Communication Studies and Digital Sciences Welcome Two New Faculty Members

The School of Communication Studies and the School of Digital Sciences are pleased to announce the joint hiring of two new faculty whose interdisciplinary research and academic work will provide students with greater cross-curricular opportunities in the twenty first century.

Mina Choi, Ph.D., and David E. Silva, Ph.D., join the College of Communication and Information as assistant professors in both Communication Studies and Digital Sciences.

Dr. Choi's research centers on the uses and effects of new communication technologies (i.e., social media, mobile media, telepresence robot, etc.) on interpersonal relationships and psychological well-being. In particular, she seeks to understand how people form social bonds between acquaintances, friends, and romantic partners over interpersonal media and its effects on users' emotional well-being.

She focuses on communication processes that are pertaining to relationship development and maintenance such as self-disclosure, self-presentation, emotional expression, and media choice. In addressing these topics, she takes an interdisciplinary approach that draws on theories and empirical findings from communication, social psychology, and HCI. Her methodological  approach is mostly quantitative, with an emphasis on experiments, surveys, and content analyses.

She earned her Ph.D. in Communication Science from University of Wisconsin-Madison with minors in social psychology and journalism/mass communication.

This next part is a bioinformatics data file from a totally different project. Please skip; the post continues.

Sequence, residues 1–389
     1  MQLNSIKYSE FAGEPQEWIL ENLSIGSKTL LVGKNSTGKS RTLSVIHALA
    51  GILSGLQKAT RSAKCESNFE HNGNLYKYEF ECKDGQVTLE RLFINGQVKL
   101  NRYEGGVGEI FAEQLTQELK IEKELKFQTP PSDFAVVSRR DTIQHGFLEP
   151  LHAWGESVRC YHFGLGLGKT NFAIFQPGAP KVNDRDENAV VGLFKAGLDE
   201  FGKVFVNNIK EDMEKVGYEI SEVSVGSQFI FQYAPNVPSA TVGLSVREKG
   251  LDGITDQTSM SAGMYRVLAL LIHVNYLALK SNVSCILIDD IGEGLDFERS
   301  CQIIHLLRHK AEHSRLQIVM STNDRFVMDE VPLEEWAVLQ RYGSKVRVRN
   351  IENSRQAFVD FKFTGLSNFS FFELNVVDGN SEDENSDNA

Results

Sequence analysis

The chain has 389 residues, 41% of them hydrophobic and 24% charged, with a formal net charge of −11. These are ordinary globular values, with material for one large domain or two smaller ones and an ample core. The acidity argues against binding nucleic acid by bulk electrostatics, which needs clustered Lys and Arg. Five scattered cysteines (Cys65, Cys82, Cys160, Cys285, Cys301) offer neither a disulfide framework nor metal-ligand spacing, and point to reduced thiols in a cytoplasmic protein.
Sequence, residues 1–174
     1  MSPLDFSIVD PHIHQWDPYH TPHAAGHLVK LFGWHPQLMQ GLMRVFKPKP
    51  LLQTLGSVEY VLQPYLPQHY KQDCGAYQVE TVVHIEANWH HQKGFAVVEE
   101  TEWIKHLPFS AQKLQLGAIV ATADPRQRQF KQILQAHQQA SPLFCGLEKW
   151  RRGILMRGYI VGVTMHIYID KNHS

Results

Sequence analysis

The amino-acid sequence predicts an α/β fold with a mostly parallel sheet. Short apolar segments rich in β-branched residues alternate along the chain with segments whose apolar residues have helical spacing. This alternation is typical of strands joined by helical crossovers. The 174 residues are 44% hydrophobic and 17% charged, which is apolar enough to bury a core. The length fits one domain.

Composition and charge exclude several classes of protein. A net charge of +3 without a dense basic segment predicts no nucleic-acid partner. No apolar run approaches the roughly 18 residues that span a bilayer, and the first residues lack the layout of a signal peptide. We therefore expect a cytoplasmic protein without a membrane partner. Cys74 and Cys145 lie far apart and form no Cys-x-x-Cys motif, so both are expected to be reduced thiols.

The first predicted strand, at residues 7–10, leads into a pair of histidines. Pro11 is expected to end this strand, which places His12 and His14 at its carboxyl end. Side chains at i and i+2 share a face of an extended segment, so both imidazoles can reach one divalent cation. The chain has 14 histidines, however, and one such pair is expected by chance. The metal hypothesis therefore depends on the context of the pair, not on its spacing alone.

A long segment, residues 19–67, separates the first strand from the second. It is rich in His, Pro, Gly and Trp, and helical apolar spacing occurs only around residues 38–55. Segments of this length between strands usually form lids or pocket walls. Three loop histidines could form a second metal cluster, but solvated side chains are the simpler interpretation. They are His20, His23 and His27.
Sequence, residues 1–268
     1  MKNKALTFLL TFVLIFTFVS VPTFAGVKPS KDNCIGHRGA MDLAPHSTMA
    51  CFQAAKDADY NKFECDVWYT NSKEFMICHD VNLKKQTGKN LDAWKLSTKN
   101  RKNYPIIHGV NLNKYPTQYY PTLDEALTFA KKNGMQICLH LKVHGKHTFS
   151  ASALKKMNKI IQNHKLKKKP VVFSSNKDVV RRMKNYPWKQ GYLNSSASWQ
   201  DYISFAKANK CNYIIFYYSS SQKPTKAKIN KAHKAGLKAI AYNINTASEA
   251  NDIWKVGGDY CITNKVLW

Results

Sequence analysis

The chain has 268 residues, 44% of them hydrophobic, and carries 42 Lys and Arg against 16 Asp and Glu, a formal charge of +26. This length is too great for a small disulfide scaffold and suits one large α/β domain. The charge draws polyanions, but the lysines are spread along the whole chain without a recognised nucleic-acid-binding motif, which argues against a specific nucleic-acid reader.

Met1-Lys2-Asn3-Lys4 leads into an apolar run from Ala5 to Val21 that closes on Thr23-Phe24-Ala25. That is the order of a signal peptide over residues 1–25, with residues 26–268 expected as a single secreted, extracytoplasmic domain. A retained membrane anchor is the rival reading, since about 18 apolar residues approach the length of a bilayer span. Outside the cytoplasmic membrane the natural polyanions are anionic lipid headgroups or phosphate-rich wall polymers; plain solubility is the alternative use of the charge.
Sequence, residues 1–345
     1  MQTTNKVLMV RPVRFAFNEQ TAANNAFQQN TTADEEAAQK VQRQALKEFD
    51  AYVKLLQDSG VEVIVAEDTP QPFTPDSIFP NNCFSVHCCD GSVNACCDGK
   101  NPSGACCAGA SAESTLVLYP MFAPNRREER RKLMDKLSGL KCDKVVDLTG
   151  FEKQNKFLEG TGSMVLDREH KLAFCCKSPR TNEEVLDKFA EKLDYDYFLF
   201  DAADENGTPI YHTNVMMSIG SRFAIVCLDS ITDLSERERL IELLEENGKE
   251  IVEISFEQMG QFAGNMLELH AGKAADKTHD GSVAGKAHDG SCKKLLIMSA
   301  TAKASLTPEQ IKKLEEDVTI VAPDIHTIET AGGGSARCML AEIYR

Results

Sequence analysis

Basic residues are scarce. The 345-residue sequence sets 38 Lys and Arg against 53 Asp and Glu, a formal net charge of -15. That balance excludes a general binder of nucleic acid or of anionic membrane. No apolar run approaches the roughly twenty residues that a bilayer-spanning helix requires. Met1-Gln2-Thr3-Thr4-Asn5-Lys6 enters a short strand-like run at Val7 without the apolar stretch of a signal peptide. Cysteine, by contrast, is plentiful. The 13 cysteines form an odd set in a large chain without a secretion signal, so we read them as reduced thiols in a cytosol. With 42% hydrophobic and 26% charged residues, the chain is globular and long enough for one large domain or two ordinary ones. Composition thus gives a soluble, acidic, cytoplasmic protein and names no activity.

In her non-work life, she likes to play and watch tennis.

Dr. Silva conducts research on digital discussion, social media and how online spaces can improve (or get in the way) of conversations that benefit our democracy.

Using both experimental and data-centric methods, Dr. Silva tries to keep track of what is happening online and how perceptions of what seems normal are a product of both other people’s behaviors and the presentation of digital trace data. He draws heavily on theories from the fields of social and cognitive psychology as well as deliberative dialogue.

He earned his Ph.D. from Washington State University with a minor in statistics. While at WSU, Silva served as Vice President for the Graduate and Professional Student Association while teaching and conducting research for the Edward R. Murrow College of Communication. More about his current work and projects can be found at his website, dataesilva.wordpress.com.

POSTED: Wednesday, August 21, 2019 - 2:53pm
UPDATED: Wednesday, August 21, 2019 - 2:57pm